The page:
A sagittal split fracture of the C1 lateral mass is an unstable subtype of C1 fractures and has a high propensity for developing late deformities and pain with nonoperative management. A primary internal fixation of this type of fracture has been recently described with good clinical outcomes and preservation of motion. We present a modified technique of primary internal fixation using an obliquely inserted C1 lag screw with imaging guidance. We successfully treated a 55-year-old woman with a unilateral C1 oblique sagittal split fracture who failed nonoperative management. Technical nuances are discussed with a review of pertinent literature.
Unilateral C1 lateral mass sagittal split fractures are unstable subtypes of C1 fractures that can often lead to a cock-robin deformity, where the head is rotated toward and tilted away from the affected side with significant pain and restricted motion . A displacement of the fractured C1 lateral mass by the occipital condyle causes the settling of the occipital condyle on the C2 lateral mass [1-2]. Primary internal fixation using bilateral C1 lateral mass screws connected by a rod has been shown to yield a good clinical outcome with motion preservation . However, when the fracture line has an oblique orientation, a standard C1 lateral mass screw trajectory does not offer bony purchase into the anterior fragment. We describe a modified C1 primary fixation technique using imaging guidance to insert an obliquely oriented C1 lateral mass screw for the reduction and fixation of a C1 lateral mass split fracture.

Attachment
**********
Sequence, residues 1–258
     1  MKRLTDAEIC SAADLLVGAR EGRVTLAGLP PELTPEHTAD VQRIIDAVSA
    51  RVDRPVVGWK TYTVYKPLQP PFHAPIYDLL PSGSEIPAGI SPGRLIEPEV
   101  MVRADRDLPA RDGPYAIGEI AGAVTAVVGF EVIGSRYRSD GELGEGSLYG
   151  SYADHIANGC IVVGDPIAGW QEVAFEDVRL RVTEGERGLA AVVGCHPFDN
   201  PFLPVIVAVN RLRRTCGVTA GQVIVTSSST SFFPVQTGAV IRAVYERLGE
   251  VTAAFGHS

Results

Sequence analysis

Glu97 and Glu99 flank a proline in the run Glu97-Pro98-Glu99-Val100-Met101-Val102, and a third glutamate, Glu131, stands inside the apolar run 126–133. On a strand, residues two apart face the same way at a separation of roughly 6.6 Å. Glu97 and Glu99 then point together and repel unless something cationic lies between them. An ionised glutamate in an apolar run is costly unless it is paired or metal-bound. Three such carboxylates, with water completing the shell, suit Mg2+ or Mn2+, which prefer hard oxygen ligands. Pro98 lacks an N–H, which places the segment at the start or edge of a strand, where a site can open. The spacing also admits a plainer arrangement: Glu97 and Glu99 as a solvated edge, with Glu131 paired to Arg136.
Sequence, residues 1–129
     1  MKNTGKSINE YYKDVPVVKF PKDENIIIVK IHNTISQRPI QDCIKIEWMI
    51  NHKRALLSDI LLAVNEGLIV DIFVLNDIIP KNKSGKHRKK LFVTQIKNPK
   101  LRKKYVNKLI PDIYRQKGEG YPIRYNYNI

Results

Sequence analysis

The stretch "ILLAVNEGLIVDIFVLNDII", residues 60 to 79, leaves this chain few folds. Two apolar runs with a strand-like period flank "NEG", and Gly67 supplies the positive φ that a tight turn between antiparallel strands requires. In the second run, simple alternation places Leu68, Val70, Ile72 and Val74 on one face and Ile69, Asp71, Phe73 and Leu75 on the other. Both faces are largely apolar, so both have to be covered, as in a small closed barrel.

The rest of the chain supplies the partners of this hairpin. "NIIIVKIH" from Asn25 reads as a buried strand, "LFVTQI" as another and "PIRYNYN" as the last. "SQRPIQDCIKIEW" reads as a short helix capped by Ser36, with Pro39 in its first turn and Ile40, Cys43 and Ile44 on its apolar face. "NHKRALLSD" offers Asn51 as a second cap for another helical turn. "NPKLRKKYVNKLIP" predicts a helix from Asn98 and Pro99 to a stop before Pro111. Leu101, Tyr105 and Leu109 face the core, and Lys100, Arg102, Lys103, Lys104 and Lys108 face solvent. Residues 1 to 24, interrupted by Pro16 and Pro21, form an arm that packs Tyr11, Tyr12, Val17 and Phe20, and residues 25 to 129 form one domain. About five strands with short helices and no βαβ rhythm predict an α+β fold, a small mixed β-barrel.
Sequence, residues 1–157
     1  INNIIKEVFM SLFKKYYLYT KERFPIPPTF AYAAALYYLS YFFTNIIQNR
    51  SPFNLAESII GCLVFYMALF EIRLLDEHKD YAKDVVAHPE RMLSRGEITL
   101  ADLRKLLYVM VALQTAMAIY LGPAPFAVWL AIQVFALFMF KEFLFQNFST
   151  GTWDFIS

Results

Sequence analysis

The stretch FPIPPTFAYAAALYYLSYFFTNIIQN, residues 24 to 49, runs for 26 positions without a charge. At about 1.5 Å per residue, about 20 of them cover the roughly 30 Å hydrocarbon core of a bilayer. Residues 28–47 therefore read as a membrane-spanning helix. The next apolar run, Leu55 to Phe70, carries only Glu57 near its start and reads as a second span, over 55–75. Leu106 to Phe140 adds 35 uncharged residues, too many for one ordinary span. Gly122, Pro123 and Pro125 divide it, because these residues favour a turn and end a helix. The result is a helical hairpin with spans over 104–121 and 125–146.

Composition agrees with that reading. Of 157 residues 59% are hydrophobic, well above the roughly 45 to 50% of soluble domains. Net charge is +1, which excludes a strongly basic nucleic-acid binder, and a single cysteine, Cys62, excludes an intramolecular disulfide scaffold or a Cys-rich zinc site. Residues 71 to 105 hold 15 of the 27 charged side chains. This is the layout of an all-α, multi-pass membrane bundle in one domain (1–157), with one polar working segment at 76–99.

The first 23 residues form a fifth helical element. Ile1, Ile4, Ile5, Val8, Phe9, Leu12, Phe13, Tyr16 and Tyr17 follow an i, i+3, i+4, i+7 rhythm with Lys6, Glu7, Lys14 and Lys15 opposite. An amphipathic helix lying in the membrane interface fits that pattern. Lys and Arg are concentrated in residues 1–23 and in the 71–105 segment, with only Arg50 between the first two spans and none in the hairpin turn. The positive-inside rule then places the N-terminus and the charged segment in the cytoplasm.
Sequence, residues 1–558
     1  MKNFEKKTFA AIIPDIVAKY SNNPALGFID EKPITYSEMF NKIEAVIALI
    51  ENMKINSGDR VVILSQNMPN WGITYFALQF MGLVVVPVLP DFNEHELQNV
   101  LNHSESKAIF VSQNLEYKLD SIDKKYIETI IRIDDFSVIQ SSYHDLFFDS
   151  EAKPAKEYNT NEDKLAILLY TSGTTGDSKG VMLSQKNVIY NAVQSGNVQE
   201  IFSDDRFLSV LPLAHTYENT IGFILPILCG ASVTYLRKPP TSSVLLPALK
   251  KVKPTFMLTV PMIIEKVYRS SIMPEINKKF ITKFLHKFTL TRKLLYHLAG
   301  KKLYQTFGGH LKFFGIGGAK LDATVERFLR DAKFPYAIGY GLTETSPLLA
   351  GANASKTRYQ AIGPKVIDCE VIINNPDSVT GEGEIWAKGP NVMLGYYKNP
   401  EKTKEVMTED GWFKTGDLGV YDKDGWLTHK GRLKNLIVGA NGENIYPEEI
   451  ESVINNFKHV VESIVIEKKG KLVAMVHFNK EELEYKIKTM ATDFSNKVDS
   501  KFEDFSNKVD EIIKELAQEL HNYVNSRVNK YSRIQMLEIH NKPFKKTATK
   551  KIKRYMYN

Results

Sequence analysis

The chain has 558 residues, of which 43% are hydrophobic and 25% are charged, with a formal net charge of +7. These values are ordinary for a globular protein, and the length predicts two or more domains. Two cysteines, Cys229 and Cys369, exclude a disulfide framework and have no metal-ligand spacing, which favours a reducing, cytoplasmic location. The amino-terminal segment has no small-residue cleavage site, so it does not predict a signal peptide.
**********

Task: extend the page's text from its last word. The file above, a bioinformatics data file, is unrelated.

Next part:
A 55-year-old woman was found to have a right C1 lateral mass sagittal split fracture and a C1 posterior ring fracture after a fall. The fracture line passed obliquely through the right lateral mass of C1 (Figure 1A), and there was a 5 mm overhang of C1 over the C2 lateral mass (Figure 1B). Magnetic resonance imaging (MRI) did not suggest transverse atlantal ligament (TAL) disruption and the examination was unremarkable. After two weeks in rigid orthosis, she presented with progressive pain, the cock-robin deformity, and bony settling (Figure 1C).
Axial traction was applied for two days preoperatively. In the operating room, the patient was placed in the prone position with a radiolucent Mayfield head clamp and continued axial traction. A standard midline incision was made from the inion to below the C2 spinous process and the suboccipital skull surface, the C1 posterior arch, and the C2 lateral masses were exposed in the usual fashion. The reference frame from image guidance (Stealth, Medtronic, Memphis, USA) was attached to the C1 posterior arch opposite the fracture and the cervical traction was removed.
Using O-arm imaging guidance (Medtronics, Dublin, Republic of Ireland), a screw trajectory was planned in a posterolateral to anteromedial direction, almost perpendicular to the fracture line. This trajectory entered the lateral mass posterior to the vertebral artery and the transverse foramen passing across the fracture line into the anterior arch (Figures 2A and 2B). To insert the screw, a stab skin incision was made and the underlying superficial cervical fascia was opened with cautery. The drill guide was pushed gently to pierce the deep cervical fascia overlying the C1 arch. To avoid force directed toward the spinal cord and vertebral artery, the skin and muscle tissue were rotated outward and the deep fascia was punctured with the instrument pointed in a coronal trajectory behind the C1 arch.